False.

There is friction in space, it is just very very very small.


This is a tough call though i guess technically your right the amount of friction is unmeasurable really. In the milky way for example the average is one atom per centimeter. However bear in mind we have gas clouds meaning other areas have nothing. And lets face it start a craft moving 1 atom per CM isnt going to slow anything down.



posted on Apr, 13 2017 @ 04:15 PM
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a reply to: droid56

It doesn't.

Their argument = At first, there was nothing. Then nothing blew up.

lol

WE'RE DEVINELY MADE!

peace



posted on Apr, 13 2017 @ 04:24 PM
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originally posted by: Indigo5

originally posted by: dragonridr
a reply to: Indigo5

In truth it doesnt matter if you used base 10 or even base 60 the answers will still be the same. For example 2 apples there will always be 2 even if i call it something else.


What about base Pi?



What about base e?

Does the base really matter if Eulers first identity e^(iπ)+1=0 ?

edit on 13/4/2017 by chr0naut because: (no reason given)



posted on Apr, 13 2017 @ 04:30 PM
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originally posted by: chr0naut

originally posted by: Indigo5

originally posted by: dragonridr
a reply to: Indigo5

In truth it doesnt matter if you used base 10 or even base 60 the answers will still be the same. For example 2 apples there will always be 2 even if i call it something else.


What about base Pi?



What about base e?

Does the base really matter if Eulers first identity e^(iπ)+1=0 ?


Hitting the pause button while I research an equation that apparently includes both imaginary and irrational numbers?

Not sure if that disproves or proves my hypothesis that a new system of math is worth exploring?

edit on 13-4-2017 by Indigo5 because: (no reason given)



posted on Apr, 13 2017 @ 04:53 PM
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a reply to: chr0naut

Gotta ask...

Hobby?

Or is your field perceptual psychology? Ophthalmology or Optical research?



posted on Apr, 13 2017 @ 04:56 PM
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originally posted by: chr0naut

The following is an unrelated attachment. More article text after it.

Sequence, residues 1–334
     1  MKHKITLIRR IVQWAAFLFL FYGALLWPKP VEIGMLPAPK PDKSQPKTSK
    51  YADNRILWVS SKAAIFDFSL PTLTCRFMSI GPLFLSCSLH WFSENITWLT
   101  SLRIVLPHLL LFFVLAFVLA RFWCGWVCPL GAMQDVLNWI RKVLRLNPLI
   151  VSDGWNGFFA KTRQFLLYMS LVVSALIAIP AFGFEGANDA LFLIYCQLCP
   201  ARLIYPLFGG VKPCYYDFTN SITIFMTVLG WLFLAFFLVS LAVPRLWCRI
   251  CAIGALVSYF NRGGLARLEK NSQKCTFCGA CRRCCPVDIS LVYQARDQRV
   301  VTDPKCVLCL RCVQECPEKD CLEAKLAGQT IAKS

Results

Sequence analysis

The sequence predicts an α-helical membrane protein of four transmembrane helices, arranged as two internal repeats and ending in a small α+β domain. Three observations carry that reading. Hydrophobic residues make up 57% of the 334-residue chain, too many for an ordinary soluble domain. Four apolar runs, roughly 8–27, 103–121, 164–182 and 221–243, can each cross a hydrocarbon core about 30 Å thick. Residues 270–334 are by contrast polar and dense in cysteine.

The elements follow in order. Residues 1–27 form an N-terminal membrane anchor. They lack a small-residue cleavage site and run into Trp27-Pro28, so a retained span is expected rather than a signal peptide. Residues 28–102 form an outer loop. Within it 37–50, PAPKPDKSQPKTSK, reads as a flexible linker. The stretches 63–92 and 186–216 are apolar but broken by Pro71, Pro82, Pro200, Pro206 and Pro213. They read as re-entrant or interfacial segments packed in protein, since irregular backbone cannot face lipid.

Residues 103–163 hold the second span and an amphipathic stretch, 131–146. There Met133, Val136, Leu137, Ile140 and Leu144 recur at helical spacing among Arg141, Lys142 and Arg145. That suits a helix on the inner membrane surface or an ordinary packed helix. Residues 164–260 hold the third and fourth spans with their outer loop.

And put bluntly...


The Natives they tested without a word for Blue?


Could not spot the square that was different on this screen..




edit on 13-4-2017 by Indigo5 because: (no reason given)



posted on Apr, 13 2017 @ 04:58 PM
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a reply to: chr0naut

And for fun...

The same natives ...Who have many different names for green...could immediately spot the square that was different on this image..

can you?




posted on Apr, 13 2017 @ 05:01 PM
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originally posted by: Krazysh0t
a reply to: chr0naut

It's tough to even detect them and I believe it requires these GIANT contained rooms that shoot particles around hoping to catch one.

But I'm terrible at explaining this science, here are resources you can read up about them:
Wikipedia
Article from 1998 about the precision of the CNB
Can one measure the Cosmic Neutrino Background?

And here is Fobes on it:
Co smic Neutrinos Detected, Confirming The Big Bang's Last Great Prediction


As far as I can see, the evidence is inferred from CMB measurements (not of Neutrino measurements) and of a phase variance in measurement of vastly more energetic Neutrino species.

We know our detectors cannot measure down to the low levels of 3 degrees Kelvin, where the CNB should sit. We know that we have local Neutrino sources, such as the Sun which swamps our measurements with vastly more energetic events. We know that we have no directionality in Neutrino detection as most Neutrino's pass entirely through the Earth without interaction.

As far as I can see, the articles and papers you posted represent values determined theoretically rather than objective evidence and also builds on other theoretically obtained and unverified values such as dark matter and dark energy densities.

This is another example of the theoretical being called 'science' when the scientific method has not been applied.



posted on Apr, 13 2017 @ 05:02 PM
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a reply to: Indigo5

Its this one




posted on Apr, 13 2017 @ 05:02 PM
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I have believe in a theory of my own. Energy can't be created nor destroyed so the energy around us has always exited there for can't just come into being. As the universe expands more dark mater fills the empty space to the point where it's gravity starts to take into effect and we get squeezed back into a single point where that last bit of energy is eaten up then. BOOM start over. Again and again and again. You have to realize time is a human construct and only until time is removed from our equations will we truly see the universe for the way it is.

Or we came into being and will slowly expand until nothingness. That sounds to depressing.

I do believe our math is wrong and we all have absolutely no idea how any of this is run. One of the great mysteries that I hope will never be solved.